Taking place on September 15th, the Annual Brighton Speed Trials failed to live up to expectation, despite an increased entry of 247, including most of the leading hill-climb and sprinting exponents. The onus was not with the competitors but with the general organisation, which to many appeared to be non-existent, except when the event had finished and the Brighton Constabulary were given a free hand to clear the sea-front of spectators and competitors alike in the shortest possible time! The litter blowing about the kilometre straight, the congestion around the starting area and the presence, for a considerable period in the afternoon, of spectators lining the unprotected side of the course did little to give one confidence.
Despite the forecast in the 1s. 3d. programme, Sydney Allard with the 5.7-litre Allard Dragster did not break the kilometre record; in fact he was beaten by the intrepid motorcyclist George Brown on his supercharged Vincent Special “Nero,” which did only one run, clocking 20.99 sec., to beat Basil Key’s NortonJ.A.P. record’ by 0.60 sec. Chris Summers’ 4.7-litre Cooper-Chevrolet broke the car record with a best run of 21.69 sec., while Tony Marsh’s 2.5-litre 4-cylinder B.R.M. was second at 21.77 sec., and was also under the late Jim Berry’s record of 23.21 sec.-, set up with the 2-litre E.R.A. Special. The Allard Dragster set people wondering by a first-time run of 22.30 sec., and the second attempt was little better at 22.04 sec. However, the opposition was such that Allard took third fastest time of day from Patsy Burt, driving Arthur Owen’s 2.5-litre Cooper-Climax, Owen just being beaten by 0.01 sec. for fifth place.
The use of traffic lights seemed to present difficulty for many drivers, the number of false starts almost equalling the actual number of runs-one competitor making a total of seven false starts, to the obvious detriment of the driver in the other lane.
The brilliant sunshine brought a large crowd of spectators to line the promenade and by the afternoon coats were off and the summer fashions were given their last airing before being put away for the winter.
The vintage side of motor racing was represented by Nigel Arnold-Forster’s 5.3-litre 1922 Delage, the V12 ex-Seagrave Sunbeam driven by Jack Smith, and Naylor’s F.I.A.T. “Mephistopheles” of 21.7-litres, the revolution counter of which only reads to 2,000 r.p.m.!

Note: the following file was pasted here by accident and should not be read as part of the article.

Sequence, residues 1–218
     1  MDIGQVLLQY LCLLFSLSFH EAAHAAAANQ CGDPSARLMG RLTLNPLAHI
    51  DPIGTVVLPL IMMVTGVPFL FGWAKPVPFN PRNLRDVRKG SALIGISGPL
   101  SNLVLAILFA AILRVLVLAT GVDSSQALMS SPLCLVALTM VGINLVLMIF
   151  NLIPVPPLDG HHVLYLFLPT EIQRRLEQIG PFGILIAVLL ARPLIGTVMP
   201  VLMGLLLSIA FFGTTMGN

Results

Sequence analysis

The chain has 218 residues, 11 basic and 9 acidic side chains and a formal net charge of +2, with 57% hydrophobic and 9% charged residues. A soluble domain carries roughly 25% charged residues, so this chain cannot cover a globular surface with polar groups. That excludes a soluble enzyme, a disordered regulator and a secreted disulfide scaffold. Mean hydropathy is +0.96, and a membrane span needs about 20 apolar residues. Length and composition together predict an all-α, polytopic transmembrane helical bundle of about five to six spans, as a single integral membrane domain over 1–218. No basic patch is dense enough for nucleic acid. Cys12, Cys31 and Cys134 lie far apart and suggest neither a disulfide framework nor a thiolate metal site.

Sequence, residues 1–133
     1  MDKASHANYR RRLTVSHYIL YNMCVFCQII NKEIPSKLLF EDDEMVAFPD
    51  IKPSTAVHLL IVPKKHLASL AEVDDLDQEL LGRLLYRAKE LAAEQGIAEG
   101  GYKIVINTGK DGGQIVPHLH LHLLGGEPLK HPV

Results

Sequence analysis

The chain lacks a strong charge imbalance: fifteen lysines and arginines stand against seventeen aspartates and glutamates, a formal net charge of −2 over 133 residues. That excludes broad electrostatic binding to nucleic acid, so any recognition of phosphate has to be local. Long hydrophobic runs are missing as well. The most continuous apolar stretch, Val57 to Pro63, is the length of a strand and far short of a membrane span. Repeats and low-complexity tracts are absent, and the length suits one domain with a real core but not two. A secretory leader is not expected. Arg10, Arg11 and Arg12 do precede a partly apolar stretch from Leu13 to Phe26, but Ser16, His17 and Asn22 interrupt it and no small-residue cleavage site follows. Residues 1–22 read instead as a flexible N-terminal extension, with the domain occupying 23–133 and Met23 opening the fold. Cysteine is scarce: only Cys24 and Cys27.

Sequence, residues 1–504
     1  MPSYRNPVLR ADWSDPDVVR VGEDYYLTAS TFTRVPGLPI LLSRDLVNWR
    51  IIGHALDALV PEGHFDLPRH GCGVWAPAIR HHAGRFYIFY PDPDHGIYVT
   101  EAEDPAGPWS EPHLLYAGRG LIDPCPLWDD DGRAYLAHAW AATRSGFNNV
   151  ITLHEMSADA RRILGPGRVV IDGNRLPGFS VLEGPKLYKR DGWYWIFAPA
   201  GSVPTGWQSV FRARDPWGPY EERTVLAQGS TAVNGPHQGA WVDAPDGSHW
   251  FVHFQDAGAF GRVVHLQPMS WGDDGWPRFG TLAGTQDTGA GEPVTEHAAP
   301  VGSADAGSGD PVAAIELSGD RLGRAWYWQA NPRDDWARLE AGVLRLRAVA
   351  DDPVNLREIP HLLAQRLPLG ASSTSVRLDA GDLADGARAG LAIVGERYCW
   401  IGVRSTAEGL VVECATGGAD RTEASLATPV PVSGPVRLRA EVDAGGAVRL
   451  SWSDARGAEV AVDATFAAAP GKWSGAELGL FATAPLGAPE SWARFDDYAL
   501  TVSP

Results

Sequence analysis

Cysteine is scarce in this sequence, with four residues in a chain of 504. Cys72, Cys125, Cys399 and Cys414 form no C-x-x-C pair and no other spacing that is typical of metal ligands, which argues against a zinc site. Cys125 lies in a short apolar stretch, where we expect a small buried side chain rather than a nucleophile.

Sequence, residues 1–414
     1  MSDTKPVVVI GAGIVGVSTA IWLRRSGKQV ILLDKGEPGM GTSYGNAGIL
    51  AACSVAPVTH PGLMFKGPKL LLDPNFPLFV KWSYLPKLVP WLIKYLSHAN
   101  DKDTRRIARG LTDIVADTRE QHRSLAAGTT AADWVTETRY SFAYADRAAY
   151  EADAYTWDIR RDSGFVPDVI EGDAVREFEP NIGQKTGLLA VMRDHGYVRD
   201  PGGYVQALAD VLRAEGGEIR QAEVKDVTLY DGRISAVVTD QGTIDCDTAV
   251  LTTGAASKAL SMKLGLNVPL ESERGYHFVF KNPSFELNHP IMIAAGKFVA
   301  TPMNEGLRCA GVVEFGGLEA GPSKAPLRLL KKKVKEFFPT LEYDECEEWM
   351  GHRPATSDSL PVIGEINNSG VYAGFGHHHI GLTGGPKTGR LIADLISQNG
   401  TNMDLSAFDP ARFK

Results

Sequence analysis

With many exciting new sprint machines, including a V8 Buick engined Formula Junior Cooper, a turbine car and other big American-engined cars being planned for next year, one has the inkling that sprint events such as Brighton will become an important part of motoring sport, providing they are not spoilt by niggling officialdom.-E. L. W.
The Fastest Dozen
Outright course record: George Brown (Vincent Special), 20.99 sec. Outright car record: Chris Summers (4.7-litre Cooper-Chevrolet), 21.69 sec. 3, Tony Marsh (2.5-litre B.R.M.), 21.77 sec. 4, S. H. Allard (Allard Dragster), 22.04 sec. 5, Patsy Burt (2.5-litre Cooper-Climax), 23.70 sec. 6, Arthur Owen (2.5-litre Cooper-Climax), 23.71 sec. 7, Jack Cordingley (2.5-litre J.B.W.-Maserati), 23.96 sec. 8, Jack Epstein (2.5-litre Cooper-Connaught), 24.26 sec. 9, Josh Randles (2-litre Cooper-Monaco), 24.92 sec. 10, Peter Westbury (2.6-litre Cooper-Daimler), 25.2 sec. 11, T. Gibson (Jaguar C-type), 25.79 sec. 12, S. H. Richardson (Jaguar 3.8), 25.95 sec.
Dragsters should be the mostest but the Allard Dragster was beaten by two normal racing cars. It was running this year on 9.00 x 16 Racemaster Dragster rear slicks made by the M. & H. Tire Co.
Nice to see Charles Goodacre, the pre-war Austin “works” racing driver, competing. He drove a 3.4 Jaguar.
Very dazzling-the unpainted A.C. Ace coupé of S. H. Richardson, powered with the 3.8 Jaguar engine out of the late Roy Bloxham’s Lister:
Big squeeze-Mike Eyre inserting himself into the Cooper’s cockpit.-W. B.